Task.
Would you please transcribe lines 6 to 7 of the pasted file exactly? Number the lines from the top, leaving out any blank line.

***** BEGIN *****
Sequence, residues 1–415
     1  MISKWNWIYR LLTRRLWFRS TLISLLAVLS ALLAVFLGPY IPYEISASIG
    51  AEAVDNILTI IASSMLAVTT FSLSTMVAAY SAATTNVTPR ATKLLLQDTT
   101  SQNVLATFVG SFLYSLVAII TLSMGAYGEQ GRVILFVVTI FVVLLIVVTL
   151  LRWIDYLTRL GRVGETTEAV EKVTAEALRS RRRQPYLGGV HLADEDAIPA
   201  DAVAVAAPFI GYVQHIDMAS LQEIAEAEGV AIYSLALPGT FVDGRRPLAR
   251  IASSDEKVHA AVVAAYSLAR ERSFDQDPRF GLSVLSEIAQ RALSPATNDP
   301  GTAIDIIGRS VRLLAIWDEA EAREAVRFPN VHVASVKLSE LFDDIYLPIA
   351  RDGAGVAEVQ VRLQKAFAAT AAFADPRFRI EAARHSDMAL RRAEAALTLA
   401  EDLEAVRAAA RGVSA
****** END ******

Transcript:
   201  DAVAVAAPFI GYVQHIDMAS LQEIAEAEGV AIYSLALPGT FVDGRRPLAR
   251  IASSDEKVHA AVVAAYSLAR ERSFDQDPRF GLSVLSEIAQ RALSPATNDP